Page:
Put simply, the Bureau was tasked with creating a transparent set of rules and making them public so that citizens can petition successfully. Unfortunately, the Bureau – under multiple Administrations – never took action and remains in violation of the Administrative Procedures Act today.
Why does this matter? Because without notice, at 4 p.m. on July 8, the informal process used since the 1970s changed on the fly — again. The Bureau, without holding any discussions with the campaign or returning our calls, announced our petition would not move forward.
The Bureau opted for a new standard to not even talk to the campaign before the report was issued. Their rationale? Not enough valid signatures. Their evidence? A sloppy report that we now know, as conceded by the Bureau, was filled with errors.
The Bureau’s report
Reporters and media outlets knew of Fair and Equal’s obituary, written by the Bureau, before our own team. When we were finally informed, the Bureau provided 16 business hours to respond.
The Bureau, according to their own procedures, prefers to not check every signature. Instead, in the 1970s, they chose a sampling method based on examining as few as 500 and up to 4,000 signatures (which it has done for other campaigns). With no apparent rationale, the Bureau chose to review just 502. Each sampled signature equated to around 1,000 signatures. Essentially, the smaller the sample, the more risk to Fair and Equal.
For petition sheet 14980, our team of experts found no errors. The Bureau found it was invalid based on a category called “Miscellaneous.” In all, 19 signatures, representing 19,000 signatures in total, were invalidated with no rationale.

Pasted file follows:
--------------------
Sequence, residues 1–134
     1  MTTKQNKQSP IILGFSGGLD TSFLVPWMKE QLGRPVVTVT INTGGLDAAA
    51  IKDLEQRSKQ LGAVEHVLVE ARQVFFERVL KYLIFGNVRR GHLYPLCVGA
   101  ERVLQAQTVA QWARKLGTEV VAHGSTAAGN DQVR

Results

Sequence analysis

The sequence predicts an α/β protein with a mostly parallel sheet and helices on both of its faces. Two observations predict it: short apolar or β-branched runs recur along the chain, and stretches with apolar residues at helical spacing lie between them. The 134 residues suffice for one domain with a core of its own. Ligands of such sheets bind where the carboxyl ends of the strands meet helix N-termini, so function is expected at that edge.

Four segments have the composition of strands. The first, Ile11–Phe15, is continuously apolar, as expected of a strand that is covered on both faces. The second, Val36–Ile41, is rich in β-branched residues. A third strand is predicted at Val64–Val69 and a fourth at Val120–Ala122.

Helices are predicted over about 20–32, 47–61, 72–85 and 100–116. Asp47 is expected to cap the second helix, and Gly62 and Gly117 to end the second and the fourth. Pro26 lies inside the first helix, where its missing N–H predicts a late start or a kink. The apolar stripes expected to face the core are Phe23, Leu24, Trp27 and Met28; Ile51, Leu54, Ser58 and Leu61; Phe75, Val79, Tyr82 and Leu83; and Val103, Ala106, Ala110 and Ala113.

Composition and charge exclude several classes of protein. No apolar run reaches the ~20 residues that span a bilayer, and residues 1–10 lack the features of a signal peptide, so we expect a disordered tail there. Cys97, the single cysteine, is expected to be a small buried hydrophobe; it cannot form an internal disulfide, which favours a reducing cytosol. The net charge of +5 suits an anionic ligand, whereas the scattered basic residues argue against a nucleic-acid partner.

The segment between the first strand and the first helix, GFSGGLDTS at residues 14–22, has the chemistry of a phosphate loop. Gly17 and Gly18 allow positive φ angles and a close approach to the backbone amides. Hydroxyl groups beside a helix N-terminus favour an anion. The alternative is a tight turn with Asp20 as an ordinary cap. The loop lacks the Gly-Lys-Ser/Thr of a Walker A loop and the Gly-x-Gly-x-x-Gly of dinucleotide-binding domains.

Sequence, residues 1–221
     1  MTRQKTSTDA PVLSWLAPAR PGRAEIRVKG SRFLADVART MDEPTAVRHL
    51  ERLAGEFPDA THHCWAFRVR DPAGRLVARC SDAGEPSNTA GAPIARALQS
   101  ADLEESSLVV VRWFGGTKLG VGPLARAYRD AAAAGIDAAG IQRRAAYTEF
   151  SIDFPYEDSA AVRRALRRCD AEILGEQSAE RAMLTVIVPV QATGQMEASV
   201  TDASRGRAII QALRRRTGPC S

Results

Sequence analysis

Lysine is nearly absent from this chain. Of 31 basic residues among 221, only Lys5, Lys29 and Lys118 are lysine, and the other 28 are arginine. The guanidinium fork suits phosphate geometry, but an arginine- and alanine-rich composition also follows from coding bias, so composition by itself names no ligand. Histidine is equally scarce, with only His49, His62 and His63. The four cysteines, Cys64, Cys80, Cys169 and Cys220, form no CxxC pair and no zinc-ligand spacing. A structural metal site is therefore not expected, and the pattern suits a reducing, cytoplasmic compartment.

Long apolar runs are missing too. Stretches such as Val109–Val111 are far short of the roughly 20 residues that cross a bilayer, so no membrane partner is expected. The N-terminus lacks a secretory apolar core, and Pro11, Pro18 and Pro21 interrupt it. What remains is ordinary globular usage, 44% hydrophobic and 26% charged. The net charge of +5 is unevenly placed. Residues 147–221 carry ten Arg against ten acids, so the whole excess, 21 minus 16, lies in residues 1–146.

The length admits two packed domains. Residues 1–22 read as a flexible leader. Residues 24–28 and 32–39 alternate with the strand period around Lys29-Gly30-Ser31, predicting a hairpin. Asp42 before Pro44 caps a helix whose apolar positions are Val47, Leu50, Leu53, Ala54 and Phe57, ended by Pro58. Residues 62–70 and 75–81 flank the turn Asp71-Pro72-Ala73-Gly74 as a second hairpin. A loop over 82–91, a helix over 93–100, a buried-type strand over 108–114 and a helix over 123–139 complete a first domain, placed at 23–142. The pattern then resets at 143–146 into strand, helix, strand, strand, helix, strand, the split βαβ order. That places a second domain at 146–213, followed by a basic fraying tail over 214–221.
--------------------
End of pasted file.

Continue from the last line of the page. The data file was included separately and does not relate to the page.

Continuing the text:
Under the Bureau rules, Fair and Equal had no ability to adequately respond to allegations of invalidity, which included several questionable decisions. For example, the Bureau invalidated one petition sheet because the signer wrote: “Detroit, MI, Wayne 48203” and the Bureau argued the signer could have meant another place that was not Wayne County, such as Wayne City, MI. For Petition Sheet 32143, they wrote the date 8/12/2020, but because the final “0,” while completely closed, was slanted with a trail from the pen, the Report invalided it, apparently, because they claim it could be read as 2026.
The Bureau’s lack of standards and the record-breaking delay to review our signatures provided an extraordinary opportunity for anti-equality forces. Challengers typically have about six weeks to complete this review — our challenger was given nearly 10 months.
A Dangerous precedent
The Bureau, through sampling and its report, has effectively thrown out close to 75,000 signatures for reasons to which we take exception. This nightmare scenario is why the Legislature mandated that there be written rules, including uniform standards, in place.
We believe this ignores the “facilitate rather than hamper” requirement under state law and sets a dangerous precedent. Opposing this Bureau Report is not something we take lightly. We are doing so with the deepest respect and love for our Constitution and our great state.
We are challenging the Bureau’s flagrant violations of the Administrative Procedures Act and asserting the Bureau is setting a dangerous precedent in hampering, not facilitating, a citizen petition review as set forth in our Constitution. You can join us at FairAndEqualMichigan.com and contribute to our legal fund.
For us, we’re not just another petition campaign. This is our humanity.
— The Co-Chairs of Fair and Equal Michigan: Dr Mira Jordan, Jey’nce Poindexter, Brandon Dillion and Trevor Thomas